“Those with long-leg tattoos are ready to start a family.” — Siamese proverb.
Until the mid-twentieth century, it was common to see men in north and northeastern Thailand with their upper legs covered in dense tattoos. Today, however, the tradition has fallen by the wayside, and these tattoos remain only on an aging population of men between 80 and 110 years old.
To document the dying tradition, Thai artist and photographer Charnpichit Pongtongsumran spent five years searching and photographing the last of these tattooed men, a journey that’s culminated in The Spirit of Tattoo. In the first chapter of the three-part series, Sak E-san, Pongtongsumran focuses on the tattooed men living in northeast Thailand, a region also known as Isan. While he set off to document the fading art form, the series has also become a moving portrait of their pride and spirit.
“刺了大腿文身，即可成家立业尔。” —— 暹罗谚语。
在二十世纪中叶之前，在泰国北部和东北部，许多男子的大腿上都会刺满密密麻麻的文身。时至今日，这一传统已被人们所遗忘，现在，只有在一些 80 岁到 110 岁的男性身上还能看到这样的痕迹。
为了记录这种传统，泰国艺术家和摄影师 Charnpichit Pongtongsumran 花了五年的时间搜索并拍摄了这些刺着腿部文身的幸存者，最终组成《The Spirit of Tattoo》（《文身精神》）系列。该系列分为三部分，在第一部分“Sak E-san”，Charnpichit 着重拍摄了泰国东北部依伞（Isan）地区的文身男人。他在拍摄这些濒临消失的传统艺术时，也是在用影像重现他们的自豪感与内在精神。
Shot in natural light against plain backgrounds, Pongtongsumran’s black-and-white photographs have a certain timelessness. The men are posed still, wearing only loincloths held by strings around their waists, as was common in the past. They expose their tattoos in their entirety, an intricate patchwork of floral patterns and mythical creatures. The wrinkled skin and bent posture of these old men are juxtaposed against their tough demeanors; they look dignified and reassured, casting penetrating gazes at the camera.
“These men used to be farmers,” Pongtongsumran says. “Now, most of them are manual workers, making wicker baskets and other handicrafts. They usually move slowly, as older people do. But, as we prepared for the photos, they became energetic.”
Pongtongsumran was born in Isan but moved to Bangkok at an early age with his parents. He doesn’t recall his time in Isan, except for the strong bond he had his grandparents, who were also farmers. In a way, this project helps him to reconnect with his long-forgotten roots.
The beginning of the project was discouraging. People told him that the tattoos were common in the past, but that they had disappeared. Often, when he caught wind of someone with these tattoos, he’d end up discovering that they had already passed away.
“Once, I heard about a man who had the tattoo, but when I went to see him, I found out that he had died a month before. Another time, I traveled to meet three men, but when I reached their village, one of them had already passed away, and I ended up attending his funeral,” he says.
The sense of urgency was heightened by the fact that these men often still live in remote villages. Sometimes help from the local governments was required to reach them. Once he finds a tattooed man, the process of shooting arranging travel can take up to two weeks, and it was rare to find more than two men with leg tattoos in a single village.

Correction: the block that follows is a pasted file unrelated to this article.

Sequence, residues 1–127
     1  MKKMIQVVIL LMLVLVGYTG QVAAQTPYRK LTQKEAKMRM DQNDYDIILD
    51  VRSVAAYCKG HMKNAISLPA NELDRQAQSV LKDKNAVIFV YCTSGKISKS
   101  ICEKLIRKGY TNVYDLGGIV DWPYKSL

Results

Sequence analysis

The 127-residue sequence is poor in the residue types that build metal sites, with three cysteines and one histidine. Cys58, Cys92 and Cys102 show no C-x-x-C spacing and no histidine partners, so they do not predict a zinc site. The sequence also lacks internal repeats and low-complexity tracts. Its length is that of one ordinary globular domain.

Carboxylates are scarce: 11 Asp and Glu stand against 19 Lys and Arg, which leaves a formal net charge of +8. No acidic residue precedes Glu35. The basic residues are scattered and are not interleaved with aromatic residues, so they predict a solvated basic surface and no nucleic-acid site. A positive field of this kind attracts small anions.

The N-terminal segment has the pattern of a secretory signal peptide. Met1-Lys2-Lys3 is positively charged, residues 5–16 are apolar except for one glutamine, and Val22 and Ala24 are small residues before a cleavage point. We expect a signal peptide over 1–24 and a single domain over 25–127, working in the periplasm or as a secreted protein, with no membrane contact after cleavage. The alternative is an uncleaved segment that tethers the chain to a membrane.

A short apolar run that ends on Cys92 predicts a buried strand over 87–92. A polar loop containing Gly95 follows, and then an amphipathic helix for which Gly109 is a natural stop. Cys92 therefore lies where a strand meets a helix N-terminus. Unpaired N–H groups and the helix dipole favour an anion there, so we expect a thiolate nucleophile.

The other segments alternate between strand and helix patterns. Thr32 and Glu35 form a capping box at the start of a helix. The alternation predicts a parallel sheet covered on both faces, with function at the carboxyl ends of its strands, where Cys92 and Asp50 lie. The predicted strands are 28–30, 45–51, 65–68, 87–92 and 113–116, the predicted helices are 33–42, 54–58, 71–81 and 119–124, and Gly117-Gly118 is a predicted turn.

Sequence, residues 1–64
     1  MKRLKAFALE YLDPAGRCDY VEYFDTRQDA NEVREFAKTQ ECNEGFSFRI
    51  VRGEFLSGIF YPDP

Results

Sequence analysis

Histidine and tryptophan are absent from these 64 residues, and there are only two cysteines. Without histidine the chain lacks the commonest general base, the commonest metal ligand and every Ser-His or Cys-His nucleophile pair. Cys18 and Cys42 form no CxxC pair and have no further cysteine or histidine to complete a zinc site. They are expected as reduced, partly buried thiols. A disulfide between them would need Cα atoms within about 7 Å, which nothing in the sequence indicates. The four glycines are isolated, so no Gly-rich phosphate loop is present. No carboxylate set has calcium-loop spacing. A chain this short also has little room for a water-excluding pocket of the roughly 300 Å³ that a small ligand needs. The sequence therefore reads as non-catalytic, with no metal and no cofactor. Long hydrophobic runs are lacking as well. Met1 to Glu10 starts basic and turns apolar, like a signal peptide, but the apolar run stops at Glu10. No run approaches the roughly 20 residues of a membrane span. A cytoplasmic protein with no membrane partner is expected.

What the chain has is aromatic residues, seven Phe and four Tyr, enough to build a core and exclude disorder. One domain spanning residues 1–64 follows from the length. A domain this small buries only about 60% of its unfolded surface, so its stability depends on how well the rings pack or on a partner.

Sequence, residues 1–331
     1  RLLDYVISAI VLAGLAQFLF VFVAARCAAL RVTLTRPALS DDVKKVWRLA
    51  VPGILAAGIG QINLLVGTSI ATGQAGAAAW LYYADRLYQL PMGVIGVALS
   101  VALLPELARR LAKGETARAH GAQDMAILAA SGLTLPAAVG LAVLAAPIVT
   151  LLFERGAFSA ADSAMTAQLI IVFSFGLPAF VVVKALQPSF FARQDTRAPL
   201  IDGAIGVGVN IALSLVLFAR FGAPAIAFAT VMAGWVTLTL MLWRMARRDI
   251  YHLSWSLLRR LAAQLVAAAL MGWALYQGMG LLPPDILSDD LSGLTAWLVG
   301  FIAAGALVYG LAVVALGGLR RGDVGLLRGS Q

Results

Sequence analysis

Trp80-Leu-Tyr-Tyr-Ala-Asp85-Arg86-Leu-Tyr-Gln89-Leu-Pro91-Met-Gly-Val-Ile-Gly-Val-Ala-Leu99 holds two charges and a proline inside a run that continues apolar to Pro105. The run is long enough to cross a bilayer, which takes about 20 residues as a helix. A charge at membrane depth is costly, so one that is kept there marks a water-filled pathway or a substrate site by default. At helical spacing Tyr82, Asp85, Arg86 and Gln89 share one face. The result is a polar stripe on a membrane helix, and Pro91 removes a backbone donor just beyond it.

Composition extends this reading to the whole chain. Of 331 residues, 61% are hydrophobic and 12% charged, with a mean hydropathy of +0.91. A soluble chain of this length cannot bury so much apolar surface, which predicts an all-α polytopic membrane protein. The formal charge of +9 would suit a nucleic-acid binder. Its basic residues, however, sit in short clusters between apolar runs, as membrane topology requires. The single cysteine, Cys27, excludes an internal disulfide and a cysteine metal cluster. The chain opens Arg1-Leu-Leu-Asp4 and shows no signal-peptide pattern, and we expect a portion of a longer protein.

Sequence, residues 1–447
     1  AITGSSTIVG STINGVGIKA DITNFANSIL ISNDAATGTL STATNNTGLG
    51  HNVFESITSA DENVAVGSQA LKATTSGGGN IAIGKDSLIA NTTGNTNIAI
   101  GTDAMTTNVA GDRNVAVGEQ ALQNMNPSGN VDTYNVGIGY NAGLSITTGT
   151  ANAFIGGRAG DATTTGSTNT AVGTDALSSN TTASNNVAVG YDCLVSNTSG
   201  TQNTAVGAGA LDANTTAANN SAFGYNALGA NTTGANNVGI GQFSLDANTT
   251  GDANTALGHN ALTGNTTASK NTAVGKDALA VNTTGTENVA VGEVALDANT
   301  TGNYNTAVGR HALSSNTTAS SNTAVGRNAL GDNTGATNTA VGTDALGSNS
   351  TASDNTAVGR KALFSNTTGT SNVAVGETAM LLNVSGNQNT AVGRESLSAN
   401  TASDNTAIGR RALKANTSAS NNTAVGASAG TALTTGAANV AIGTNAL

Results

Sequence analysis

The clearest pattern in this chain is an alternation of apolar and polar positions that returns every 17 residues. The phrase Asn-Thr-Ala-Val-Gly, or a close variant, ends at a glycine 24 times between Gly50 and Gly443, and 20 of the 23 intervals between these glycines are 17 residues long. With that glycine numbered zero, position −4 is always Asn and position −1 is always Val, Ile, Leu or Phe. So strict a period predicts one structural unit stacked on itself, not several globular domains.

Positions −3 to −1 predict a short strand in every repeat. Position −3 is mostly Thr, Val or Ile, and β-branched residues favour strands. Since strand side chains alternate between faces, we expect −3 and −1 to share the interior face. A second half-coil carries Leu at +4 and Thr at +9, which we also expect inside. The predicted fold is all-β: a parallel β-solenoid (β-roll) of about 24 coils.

It also happened that, sometimes, family members didn’t know about their father or grandfather’s tattoos since it was always covered by clothing. It wasn’t out of shame though. “These men didn’t think of their tattoos as something special anymore,” Pongtongsumran explains. “They were proud to discover that they had a national treasure in their bodies.”
有时候，就连这些男人的家人也不知道原来自己的父亲或祖父有这样的刺青，因为它们总是被衣服遮住。这倒不是出于羞愧，正如 Charnpichit 所说：“这些男人以前已经不觉得自己的文身有什么特别，但现在反而会以此为荣，因为这代表着民族既往的传统瑰宝。”
In the past, having this kind of leg tattoo was a symbol of honor for the man in the region. Aside from being a mark of their ethnicity, it was also a rite of passage for boys around 15 years old, a voluntary act in which they could prove their manhood, bravery, and patience by enduring long hours of excruciating pain. They’d lie down on a thin mat while a tattoo master, using his feet, stretched their skin and hand-poke tattoos with large, steel needles. The pigment was a mixture of soot and bile from tigers, bears, and buffalos—which gave the ink its deep, enduring blacks.
Leg tattoos also had courting purposes. From that age on, boys had to attract the woman they would marry, and these tattoos were a way to do so. But out of all the men Pongtongsumran photographed, only one appears alongside his wife, hand in hand. In most cases, either one or another had already passed away. “It felt like a wedding photo,” he grins. “They were so proud of it; no one ever photographed them like that.”
早先时期，拥有这种腿部文身对当地的男人来说是一种荣誉的象征。这不仅代表着他们的种族，也是 15 岁男孩的成人仪式。通过这种自愿的行为，通过忍受长时间的痛苦，证明自己的男子气概、勇敢和耐心。文身时，他们会躺在一张薄垫上，而师傅则会用脚撑开他们的皮肤，用一根粗粗的钢针刺戳出图案。文身的颜料是用老虎、熊和水牛的深色胆汁混合而成的，可留下深色、持久的黑色刺青。
腿部文身也代表着许婚年龄到了。从 15 岁左右的年纪开始，男孩要开始吸引他们想娶的女人，而这就是追求女性的一种方式。但是在 Charnpichit 拍摄的所有照片中，只有一个男人与妻子手拉手一起出现。在大多数时候，夫妇中的其中一名已经去世了。他笑着说：“那感觉就像是一张结婚照。他们很喜欢这张照片，因为从来没有人给他们拍过那样的照片。”
When asked about the fate of the tradition, Pongtongsumran admits that he isn’t optimistic. “It’s a delicate matter,” he says. “Young people may want to get similar tattoos. But the old masters are gone forever, and no one’s left to teach the new generations. The materials and methods have changed, and the meaning behind it has also changed. It’s not the same thing.”